The degree to which Rousseau’s thought affected various American movements for independence is a politically charged question; it is also unnecessary to answer. The purpose of the present discussion is to examine how Rousseau’s vocabulary of origins, legitimacy, and opposition to established power structures was used to justify the American nations’ political separation from the European metropoles and to define their separate national identities. I also want to investigate the degree to which Rousseau’s vocabulary is itself constructed from elements furnished by Europe’s experience of the American exotic. When the new nations began to work seriously at affirming cultural independence and defining national identity, Rousseau’s writings furnished some of the necessary concepts and vocabulary. There, Rousseau’s influence was once more pervasive and less direct than in the political arena, operating on the formulation of concepts of national identity through a European view of the Americas, traceable in his use of American elements at the foundation of his arguments.
The Discours sur l’origine et les fondements de l’inégalité repeatedly refers to American examples as it theorizes the origins of society and of humanity; the terms of these references illustrate the characteristics accorded to “Americans” and fix them in the discourse about the Americas. They recur in Du contrat social which uses Amerindians as examples of presocial man and which influenced the wording of new constitutions in South and Central America; in Emile, which provided the basis for a rationally planned system of education to produce appropriate citizens for the new republics, and in La nouvelle Héloïse, which not only defined the proper place of the domestic sphere in the economy of the state but also, together with the second part of Emile, proposed a proper assignment of functional and psychological roles to men and women, husbands and wives, so as to constitute the family as the breeding ground of a sturdy citizenry. Thus, the examples Rousseau adduces from what was known of so-called primitives constitute themselves into a language of opposition to European social structures which is grounded in the societies of the New World and later shapes their image. Its terms, however, escape any determination of accuracy or truth. They are exempted, on one hand, because of the scandal of opposition and, on the other, because of the familiarity conferred by centuries of repetition. Rousseau’s ideas may be questioned but not his “Americans"; noble or brutish, they persuade, embedded in a common knowledge careless of contradictions.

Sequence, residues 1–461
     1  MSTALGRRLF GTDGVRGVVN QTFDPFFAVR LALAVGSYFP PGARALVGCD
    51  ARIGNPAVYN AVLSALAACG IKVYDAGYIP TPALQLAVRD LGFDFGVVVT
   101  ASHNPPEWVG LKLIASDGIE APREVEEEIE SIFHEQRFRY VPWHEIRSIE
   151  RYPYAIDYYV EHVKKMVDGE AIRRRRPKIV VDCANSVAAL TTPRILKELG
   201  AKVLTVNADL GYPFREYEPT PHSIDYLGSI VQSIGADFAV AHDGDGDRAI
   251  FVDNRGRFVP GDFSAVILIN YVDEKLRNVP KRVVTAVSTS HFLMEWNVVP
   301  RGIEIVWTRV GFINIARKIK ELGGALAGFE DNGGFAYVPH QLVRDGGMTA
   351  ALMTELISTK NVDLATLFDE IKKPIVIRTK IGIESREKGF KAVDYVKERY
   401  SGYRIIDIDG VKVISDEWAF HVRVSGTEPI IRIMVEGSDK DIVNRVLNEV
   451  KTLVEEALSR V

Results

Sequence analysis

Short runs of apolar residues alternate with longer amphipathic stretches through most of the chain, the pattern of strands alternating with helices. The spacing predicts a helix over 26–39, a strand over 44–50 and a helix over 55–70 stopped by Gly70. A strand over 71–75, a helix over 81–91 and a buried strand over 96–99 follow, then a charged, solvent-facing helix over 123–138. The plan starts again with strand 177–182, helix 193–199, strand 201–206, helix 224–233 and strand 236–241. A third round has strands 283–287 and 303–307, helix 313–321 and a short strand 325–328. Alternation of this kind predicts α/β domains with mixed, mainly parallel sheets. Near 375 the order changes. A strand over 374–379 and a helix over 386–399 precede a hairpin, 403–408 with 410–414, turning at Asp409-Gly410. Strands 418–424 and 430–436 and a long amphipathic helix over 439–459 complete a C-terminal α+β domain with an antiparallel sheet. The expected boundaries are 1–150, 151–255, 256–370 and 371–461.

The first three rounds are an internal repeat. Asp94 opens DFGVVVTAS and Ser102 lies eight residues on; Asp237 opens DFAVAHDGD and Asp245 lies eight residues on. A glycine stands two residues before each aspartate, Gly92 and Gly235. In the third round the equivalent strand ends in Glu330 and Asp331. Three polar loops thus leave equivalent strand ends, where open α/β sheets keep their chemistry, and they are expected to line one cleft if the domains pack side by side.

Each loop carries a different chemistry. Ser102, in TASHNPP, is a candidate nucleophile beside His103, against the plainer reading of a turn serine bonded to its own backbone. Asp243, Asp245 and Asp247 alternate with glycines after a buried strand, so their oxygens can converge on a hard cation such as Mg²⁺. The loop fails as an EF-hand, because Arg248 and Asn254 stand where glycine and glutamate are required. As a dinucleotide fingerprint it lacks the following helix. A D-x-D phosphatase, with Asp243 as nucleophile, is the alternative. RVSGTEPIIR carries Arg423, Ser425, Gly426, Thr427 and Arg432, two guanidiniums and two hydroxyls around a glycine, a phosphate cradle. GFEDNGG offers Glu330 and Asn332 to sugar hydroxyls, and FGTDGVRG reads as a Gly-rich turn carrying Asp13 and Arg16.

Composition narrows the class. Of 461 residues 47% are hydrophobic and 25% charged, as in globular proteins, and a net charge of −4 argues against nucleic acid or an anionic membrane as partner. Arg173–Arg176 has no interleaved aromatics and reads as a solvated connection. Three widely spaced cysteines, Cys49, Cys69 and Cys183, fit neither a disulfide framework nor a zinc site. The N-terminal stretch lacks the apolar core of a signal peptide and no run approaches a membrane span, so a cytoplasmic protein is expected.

Of course, the language that here presents as “roles” the positions of male and female, weak and powerful, child and well-intentioned adult, citizen and outsider, is foreign to the system of Rousseau’s thought. Nor are exoticism and power part of a Rousseauean vocabulary. I use these concepts to estrange Rousseau’s discourse in order to weigh the consequences of its acceptance into the vocabulary with which new polities were established and with which they defended the legitimacy of the redistribution of power effected through independence and nation formation—events contemporaneous with the violent redistributions of power within Europe at the end of the eighteenth century.
I am interested here not in how Rousseau shaped a discourse of the creation of the state but in the echo of Rousseau—something like the harmonics his concepts provide to the tone of his times, that which is recognized as Rousseauean. It is not the structure of Rousseau’s arguments that I address but their effects, acknowledged even among his fiercest detractors in the conviction that his ideas led to action, to the establishment of structures of government, courses of study, attitudes toward authority, and most important here, concepts of the relation between past and present, politics and history, class and education which informed the discourse of the New World.
Rousseau never wrote specifically about the Americas; he was not interested in the politics or the anthropology of non-European states and peoples, and he did not contribute to the literature of the exotic that flourished in the middle of the eighteenth century.9 In Frêle bonheur, Todorov hints that Rousseau was uninterested in otherness because he was too absorbed in constructing a personal and cultural self.10 But it is precisely because his works are not about the exotic that they show its acculturation so clearly: they use the exotic as a given.